Intuition by Matching

It’s interesting that there are so many perspectives to consider a theory from. For instance, I started thinking about intuition (from the Mental Construction point of view). Here’s some bullet points reflecting the hops between the various lines of thought.


Intuition. Searching blindly
Intuition. Searching blindly
  • Intuition is the result of pattern matching, but it is a partial match, not an exact match, nor is it a deduction. We see a pattern that is similar to a pattern we know. If the match between the current pattern and the remembered pattern is close enough, then we act as if the remembered pattern is enforced and consequences of the old pattern will follow the current situation.
  • What is a close enough match? It depends on the action of your genes on your neural processes, which I call the Almost Gate.
  • We use intuition (or insight or induction or common sense) very often, but intuition is not a logical process. It relies on similarities, not consequences.
  • But in discussions, logic is nearly always taken as the required justification of our actions.
  • Logic can do a lot. We can explain and justify many of our actions by applying deduction to our beliefs. But where do those beliefs come from?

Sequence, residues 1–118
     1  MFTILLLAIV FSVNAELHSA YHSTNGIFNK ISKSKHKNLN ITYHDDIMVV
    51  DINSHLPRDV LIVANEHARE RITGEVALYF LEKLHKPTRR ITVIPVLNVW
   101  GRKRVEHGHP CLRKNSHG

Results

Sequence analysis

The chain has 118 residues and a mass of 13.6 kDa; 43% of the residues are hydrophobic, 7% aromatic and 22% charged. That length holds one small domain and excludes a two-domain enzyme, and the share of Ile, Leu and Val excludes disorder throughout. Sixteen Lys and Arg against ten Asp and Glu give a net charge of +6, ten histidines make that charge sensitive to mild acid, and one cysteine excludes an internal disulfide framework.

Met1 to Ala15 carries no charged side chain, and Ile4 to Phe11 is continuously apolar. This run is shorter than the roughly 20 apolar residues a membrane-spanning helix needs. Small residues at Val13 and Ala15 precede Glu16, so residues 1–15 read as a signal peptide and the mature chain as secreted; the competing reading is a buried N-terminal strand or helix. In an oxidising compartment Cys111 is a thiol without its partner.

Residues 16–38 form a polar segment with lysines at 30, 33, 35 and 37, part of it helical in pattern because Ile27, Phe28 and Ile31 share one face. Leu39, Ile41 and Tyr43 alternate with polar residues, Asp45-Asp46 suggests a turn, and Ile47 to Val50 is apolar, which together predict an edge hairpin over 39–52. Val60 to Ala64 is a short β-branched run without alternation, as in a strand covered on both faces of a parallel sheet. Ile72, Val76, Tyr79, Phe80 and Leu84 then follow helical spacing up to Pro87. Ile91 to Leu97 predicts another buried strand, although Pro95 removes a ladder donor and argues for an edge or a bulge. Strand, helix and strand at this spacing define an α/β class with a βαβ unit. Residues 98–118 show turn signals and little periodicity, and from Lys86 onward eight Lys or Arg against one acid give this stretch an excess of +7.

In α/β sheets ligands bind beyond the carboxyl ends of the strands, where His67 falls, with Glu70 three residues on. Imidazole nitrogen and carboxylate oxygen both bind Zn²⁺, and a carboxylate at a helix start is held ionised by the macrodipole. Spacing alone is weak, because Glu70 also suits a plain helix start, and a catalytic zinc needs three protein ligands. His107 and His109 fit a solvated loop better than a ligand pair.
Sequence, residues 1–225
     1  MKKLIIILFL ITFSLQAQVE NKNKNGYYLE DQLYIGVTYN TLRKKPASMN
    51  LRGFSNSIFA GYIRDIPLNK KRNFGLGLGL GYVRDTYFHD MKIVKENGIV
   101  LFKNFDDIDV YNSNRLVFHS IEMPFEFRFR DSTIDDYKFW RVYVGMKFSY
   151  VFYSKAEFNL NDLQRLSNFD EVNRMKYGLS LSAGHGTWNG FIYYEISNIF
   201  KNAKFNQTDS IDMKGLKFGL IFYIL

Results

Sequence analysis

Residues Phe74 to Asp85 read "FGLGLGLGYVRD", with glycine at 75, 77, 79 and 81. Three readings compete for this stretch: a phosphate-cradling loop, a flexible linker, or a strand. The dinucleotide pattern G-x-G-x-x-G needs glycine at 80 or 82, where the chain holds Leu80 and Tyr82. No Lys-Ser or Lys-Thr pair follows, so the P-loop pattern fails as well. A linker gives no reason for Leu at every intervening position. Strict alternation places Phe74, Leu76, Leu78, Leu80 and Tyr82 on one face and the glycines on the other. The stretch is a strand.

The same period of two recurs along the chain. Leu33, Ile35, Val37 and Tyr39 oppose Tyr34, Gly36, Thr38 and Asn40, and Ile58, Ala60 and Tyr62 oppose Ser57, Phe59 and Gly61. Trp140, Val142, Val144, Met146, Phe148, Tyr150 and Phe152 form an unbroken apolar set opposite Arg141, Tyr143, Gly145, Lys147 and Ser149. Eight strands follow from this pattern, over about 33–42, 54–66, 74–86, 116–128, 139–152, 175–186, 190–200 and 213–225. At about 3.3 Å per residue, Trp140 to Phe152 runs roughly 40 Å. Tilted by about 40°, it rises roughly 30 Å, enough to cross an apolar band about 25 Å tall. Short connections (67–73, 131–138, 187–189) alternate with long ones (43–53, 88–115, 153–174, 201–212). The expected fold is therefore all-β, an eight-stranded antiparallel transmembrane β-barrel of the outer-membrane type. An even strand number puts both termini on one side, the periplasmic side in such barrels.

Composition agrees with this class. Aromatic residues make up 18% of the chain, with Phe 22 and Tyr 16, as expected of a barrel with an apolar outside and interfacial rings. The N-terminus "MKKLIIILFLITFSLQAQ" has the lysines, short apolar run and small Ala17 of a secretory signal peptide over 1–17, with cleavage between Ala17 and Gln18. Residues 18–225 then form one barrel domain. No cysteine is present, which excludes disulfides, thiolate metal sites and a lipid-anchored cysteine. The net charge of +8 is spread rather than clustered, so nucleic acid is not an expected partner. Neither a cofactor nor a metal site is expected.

• Surely some of our beliefs are factual, but many more depend on associations that we apply. Those associations are more often than not dependent on the patterns we see and use to guide our thinking.


  • Wait, what about emotions? Are they are the source of intuitions or a third manner in which we think? When some people can’t name the reason for their choice, they often cite emotions. Emotions are an earlier stage of thinking, below the surface of controlled awareness. Emotions arise in the limbic system, prior to the level of conscious thought. They are the melding of physiological needs and fears with our physical skills and experiential history. Satisfying our emotions guides the path of our higher-level thoughts. Emotions underlie our thinking, both intuition and deduction.
Mental Construction Model
Mental Construction Model
  • Non-verbal, quick, easy. Non-dominant hemisphere (term for half of cortex which does not control language or dominant hand).

Words and Logic

  • Uses words, slow, requires effort. Dominant hemisphere (typically the left, approximately 94% of the population)
  • The two hemispheres communicate regularly with each other, via the corpus callosum.
  • Thinking, when we are not in an extreme situation, can proceed in an iterative fashion, allowing each hemisphere to exchange its best assessment of the current situation, to the other hemisphere.

  • Mental Construction Structured reasoning from neurons to cognition
  • Almost Gate Our neural threshold results in similar things being treated as identical
  • 3S Imperatives Emotions lie between physiological drives and awareness

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